Trend Insight: Whole Self Health

January 9, 2020
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Holistic health may seem like a newer concept among today’s mainstream consumers, but it’s actually a notion that extends back to ancient medicine. Today’s consumers have a greater belief in the connection between food overall wellness. Food is medicine, whether consumed as fuel, chosen for a specific wellness goal or as a way to lift spirits and engage with others. How are holistic self-health and self-care defined? It’s a movement with real implications for every segment of food and beverage, and real opportunity. Read on to see why the whole is indeed greater than the sum of the parts.

Be Best: Whole Self Health

“A holistic approach is becoming a key motivator of consumer behavior, underpinned by convenience, transparency, and value.” -Mintel, 2030 Trends

77% of adults in the U.S. say they are actively trying to improve their health in some way. - Lightspeed/Mintel, 2019

As its name implies, holistic health is about entirety and the best possible functioning of the human body, mind and spirit. The World Health Organization touches on this mindset, defining “health” as a state of complete physical, mental and social well-being — and not just the absence of disease or infirmity.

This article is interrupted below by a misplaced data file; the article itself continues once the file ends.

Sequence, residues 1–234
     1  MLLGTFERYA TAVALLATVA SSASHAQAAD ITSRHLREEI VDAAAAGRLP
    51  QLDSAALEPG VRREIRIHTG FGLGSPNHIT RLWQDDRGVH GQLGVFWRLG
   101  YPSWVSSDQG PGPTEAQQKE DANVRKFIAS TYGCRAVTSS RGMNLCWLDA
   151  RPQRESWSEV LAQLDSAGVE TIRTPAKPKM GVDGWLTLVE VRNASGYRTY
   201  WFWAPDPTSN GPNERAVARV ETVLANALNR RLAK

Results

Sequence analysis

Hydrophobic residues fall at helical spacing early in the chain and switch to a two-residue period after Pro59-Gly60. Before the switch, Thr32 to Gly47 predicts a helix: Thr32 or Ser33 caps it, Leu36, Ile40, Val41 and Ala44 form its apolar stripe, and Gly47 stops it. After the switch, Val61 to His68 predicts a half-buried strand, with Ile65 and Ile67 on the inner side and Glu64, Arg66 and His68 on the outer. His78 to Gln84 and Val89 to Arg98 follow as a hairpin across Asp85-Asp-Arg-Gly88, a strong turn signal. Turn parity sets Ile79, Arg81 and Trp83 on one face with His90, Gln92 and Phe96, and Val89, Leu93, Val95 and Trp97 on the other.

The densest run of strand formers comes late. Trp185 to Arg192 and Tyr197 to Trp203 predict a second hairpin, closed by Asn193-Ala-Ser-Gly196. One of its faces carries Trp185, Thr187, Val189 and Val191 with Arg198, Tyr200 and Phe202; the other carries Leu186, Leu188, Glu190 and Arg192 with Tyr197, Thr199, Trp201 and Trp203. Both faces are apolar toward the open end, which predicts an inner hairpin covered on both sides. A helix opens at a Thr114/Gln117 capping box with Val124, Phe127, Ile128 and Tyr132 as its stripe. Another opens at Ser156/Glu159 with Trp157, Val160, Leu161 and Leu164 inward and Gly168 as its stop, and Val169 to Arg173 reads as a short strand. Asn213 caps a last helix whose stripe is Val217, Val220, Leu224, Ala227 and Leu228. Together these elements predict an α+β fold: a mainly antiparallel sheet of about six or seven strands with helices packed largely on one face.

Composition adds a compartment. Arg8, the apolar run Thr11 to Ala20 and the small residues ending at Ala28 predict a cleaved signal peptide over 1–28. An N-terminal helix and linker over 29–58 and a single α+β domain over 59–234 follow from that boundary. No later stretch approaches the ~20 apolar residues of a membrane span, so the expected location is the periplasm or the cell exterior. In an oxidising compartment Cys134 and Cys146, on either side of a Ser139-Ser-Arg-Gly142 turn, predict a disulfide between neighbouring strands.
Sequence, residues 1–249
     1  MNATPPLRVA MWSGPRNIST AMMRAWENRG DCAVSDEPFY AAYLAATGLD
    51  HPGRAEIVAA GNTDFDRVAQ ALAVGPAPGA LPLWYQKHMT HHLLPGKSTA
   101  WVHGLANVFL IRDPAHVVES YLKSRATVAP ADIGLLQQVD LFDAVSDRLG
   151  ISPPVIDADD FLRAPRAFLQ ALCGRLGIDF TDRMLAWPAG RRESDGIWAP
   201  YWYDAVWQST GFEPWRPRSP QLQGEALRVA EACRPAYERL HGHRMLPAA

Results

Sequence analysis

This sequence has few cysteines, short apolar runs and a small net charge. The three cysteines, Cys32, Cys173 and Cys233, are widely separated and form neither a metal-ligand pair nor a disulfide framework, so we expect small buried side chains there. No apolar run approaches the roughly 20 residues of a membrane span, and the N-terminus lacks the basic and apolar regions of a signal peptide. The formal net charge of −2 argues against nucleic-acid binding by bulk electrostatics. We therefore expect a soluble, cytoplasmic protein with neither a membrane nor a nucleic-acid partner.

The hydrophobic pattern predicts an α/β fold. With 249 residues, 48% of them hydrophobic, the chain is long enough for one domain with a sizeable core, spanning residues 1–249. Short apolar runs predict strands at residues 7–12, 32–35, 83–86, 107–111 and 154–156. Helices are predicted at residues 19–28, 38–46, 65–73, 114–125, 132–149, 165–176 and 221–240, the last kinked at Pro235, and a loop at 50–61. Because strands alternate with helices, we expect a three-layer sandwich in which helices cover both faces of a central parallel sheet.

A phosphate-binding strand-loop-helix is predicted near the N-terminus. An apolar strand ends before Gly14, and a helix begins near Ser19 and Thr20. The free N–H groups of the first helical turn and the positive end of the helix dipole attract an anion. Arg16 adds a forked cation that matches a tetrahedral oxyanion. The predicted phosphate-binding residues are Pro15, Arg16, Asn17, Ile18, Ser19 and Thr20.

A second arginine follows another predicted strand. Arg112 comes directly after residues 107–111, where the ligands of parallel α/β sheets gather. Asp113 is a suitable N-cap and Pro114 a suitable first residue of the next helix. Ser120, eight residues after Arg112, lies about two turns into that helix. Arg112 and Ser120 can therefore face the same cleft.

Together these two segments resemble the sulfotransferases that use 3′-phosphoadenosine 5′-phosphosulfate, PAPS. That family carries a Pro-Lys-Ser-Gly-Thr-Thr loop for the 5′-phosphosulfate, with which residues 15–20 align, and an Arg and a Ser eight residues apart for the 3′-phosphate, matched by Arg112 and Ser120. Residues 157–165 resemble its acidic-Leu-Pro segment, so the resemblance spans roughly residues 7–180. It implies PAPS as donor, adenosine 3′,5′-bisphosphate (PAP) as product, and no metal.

With this focus, holistic health encompasses diet and nutrition – and with it, functional ingredients – along with other steps involved in better living, including fitness, spirituality and lifestyle choices for greater sustainability and social responsibility. The emphasis on instant results gives way to bigger picture, longer-term practices and preferences, from meditation to magnesium-rich foods.

Social Listening

In the last two years mentions of “holistic” +”health/wellness” has increased 148%. There are 3.5 mentions per minute, with 92% positivity.

Me and We

While holistic health is about the whole versus the part, the notion of individuality is actually at its core: the health and wellness of body and spirit are unique to each person. It also relates to the greater environment, as concerns about the impact of climate change and food and package waste mount.

Generation Health

Each generation has and shapes their distinct way of approaching health. At the beginning of a new decade, these ‘20s may not be roaring like the last century but are soaring in terms of the lofty approach to pursuing holistic health among many generations.